The war in Ukraine will create an economic “price” for Ireland, Taoiseach Micheál Martin has said.
Asked if he could assure people that there would be not be a recession, Mr Martin said: “I can never promise anybody about economic cycles. The jury is very much out on that, but there will be a price for this war.”
He stressed that current economic forecasts were still projecting “an element of growth” in the second half of the year.
Mr Martin was speaking on the second day of his trip to the United States for St Patrick’s Day. Tuesday’s agenda was dominated by economic issues and the Taoiseach met several business groups, including the US Chamber of Commerce, before the annual Ireland Funds dinner on Tuesday night, which was also due to be attended by US president Joe Biden.
We were doing very well. Projections are still that Ireland will grow
Mr Martin also attended an event with the Collison brothers, the multibillionaire founders of internet payments company Stripe, who received awards from Science Foundation Ireland.
Mr Martin said Ireland was an open exporting economy and if our large markets in the US and EU came “under pressure”, Irish companies would not sell as much to European and American consumers and industry.
He said European Central Bank president Christine Lagarde had given EU leaders a presentation on the impact of the war last week and there was a debate among the leaders as to whether there should be a further EU-wide stimulus like the package introduced to tackle the pandemic in 2020.
“That’s a debate that will continue, so no one can be certain about what will happen over the course of 2022 in respect of the economic situation. We were doing very well. Projections are still that Ireland will grow and that we will not be in recession, that’s the projections. But this could unfold in a number of different ways and we can’t be certain about that at all,” he said.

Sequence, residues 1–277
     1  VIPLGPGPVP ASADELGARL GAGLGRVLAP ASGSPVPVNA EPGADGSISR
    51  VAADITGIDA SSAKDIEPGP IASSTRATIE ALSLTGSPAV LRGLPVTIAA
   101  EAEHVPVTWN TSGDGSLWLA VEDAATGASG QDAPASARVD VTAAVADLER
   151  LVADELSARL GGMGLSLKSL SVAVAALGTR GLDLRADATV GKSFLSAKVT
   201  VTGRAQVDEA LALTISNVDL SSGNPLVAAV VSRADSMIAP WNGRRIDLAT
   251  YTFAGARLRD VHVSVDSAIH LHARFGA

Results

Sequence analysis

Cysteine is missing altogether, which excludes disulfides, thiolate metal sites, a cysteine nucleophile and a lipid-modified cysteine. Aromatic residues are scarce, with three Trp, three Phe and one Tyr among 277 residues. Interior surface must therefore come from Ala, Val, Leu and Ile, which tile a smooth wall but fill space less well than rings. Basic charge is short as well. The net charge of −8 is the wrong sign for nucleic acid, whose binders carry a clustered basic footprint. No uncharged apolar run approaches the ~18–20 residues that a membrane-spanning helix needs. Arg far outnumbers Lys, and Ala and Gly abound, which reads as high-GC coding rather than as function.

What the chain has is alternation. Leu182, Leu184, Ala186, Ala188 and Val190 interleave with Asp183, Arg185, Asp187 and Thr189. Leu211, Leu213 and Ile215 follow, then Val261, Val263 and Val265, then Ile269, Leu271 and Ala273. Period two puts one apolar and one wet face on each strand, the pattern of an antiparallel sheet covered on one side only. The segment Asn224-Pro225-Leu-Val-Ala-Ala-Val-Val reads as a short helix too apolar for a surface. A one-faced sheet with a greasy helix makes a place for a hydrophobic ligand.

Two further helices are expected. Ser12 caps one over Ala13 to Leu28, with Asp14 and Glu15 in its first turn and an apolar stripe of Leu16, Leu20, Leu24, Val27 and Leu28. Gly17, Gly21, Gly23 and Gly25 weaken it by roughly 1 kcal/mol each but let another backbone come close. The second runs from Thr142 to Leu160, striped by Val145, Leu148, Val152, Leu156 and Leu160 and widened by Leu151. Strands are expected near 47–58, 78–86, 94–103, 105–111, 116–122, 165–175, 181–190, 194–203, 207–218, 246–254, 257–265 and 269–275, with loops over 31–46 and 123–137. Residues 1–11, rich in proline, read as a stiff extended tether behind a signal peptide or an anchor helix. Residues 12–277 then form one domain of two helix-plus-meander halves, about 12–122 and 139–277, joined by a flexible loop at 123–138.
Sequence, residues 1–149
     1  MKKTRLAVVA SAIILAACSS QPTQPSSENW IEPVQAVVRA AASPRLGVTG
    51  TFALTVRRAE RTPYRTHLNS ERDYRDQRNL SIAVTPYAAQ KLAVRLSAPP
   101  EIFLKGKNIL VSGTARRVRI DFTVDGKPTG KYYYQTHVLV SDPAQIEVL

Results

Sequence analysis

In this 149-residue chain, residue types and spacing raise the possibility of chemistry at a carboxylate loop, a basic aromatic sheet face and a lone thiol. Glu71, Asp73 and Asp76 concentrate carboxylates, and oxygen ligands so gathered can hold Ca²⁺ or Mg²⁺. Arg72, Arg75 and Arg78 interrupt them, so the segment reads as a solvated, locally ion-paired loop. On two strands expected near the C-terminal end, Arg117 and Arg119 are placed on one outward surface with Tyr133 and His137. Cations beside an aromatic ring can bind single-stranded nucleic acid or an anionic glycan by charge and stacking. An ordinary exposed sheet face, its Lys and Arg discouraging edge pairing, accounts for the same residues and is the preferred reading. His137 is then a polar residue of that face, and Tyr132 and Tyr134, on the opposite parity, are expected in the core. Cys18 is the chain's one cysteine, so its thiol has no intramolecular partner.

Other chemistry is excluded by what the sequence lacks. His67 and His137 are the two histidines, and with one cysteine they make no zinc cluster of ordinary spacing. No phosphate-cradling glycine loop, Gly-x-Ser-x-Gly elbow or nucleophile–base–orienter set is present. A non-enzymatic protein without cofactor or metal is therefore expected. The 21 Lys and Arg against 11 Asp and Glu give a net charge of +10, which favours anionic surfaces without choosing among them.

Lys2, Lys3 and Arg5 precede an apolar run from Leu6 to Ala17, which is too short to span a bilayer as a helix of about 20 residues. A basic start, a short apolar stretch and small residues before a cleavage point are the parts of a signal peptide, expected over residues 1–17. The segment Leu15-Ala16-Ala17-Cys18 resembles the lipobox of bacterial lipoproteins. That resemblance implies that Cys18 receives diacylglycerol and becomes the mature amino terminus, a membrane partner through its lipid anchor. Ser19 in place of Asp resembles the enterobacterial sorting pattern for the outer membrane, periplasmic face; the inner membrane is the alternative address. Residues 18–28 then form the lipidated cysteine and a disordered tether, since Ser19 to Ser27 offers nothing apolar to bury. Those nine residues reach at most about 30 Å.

Minister for Finance Paschal Donohoe said those involved in public sector wage negotiations should reflect on the challenges facing the Government in view of the war in Ukraine and the ongoing costs of the pandemic. And he warned of the danger of a price/wage spiral, with higher prices pushing up wages, which lead in turn to further price rises.
“That is a risk, it’s undoubtedly a risk at the moment, with the development of wages within our economy and the changes in wages that happened particularly across last year,” he said on a visit to London, where he is representing the Government for St Patrick’s Day events.
“I have yet to see a wage movement that could trigger a risk like that happening but it is a risk. And we just need to be careful as we make decisions in relation to wage levels in our economy, that they are sustainable, that they’re affordable, that they don’t create additional risks in the future. I don’t see that happening at the moment but it is a risk that will need monitoring.”
Mr Donohoe has ruled out any increase in the help offered to consumers to pay higher energy bills before October’s budget. He said the measures were designed to anticipate the current surge in energy prices and he was not planning to improve them.
“My focus has now got to be on implementing what we have agreed and making sure the energy rebate happens soon,” he said.
“And what the Government has done overall, I believe, is trying to help people with the higher cost. I just want to emphasise again, we cannot cover all of the additional costs that citizens and businesses are now facing but we’re trying to help . . . We will review all these things in the context of the budget”.
Mr Donohoe said the Government was looking at how to tap into contingency funds to deal with the cost of accepting Ukrainian refugees into Ireland.
He said “it will be a lot later in the year until we’re really clear on what are the economic consequences of hosting those who will be coming to our country . . . but we will meet those commitments”.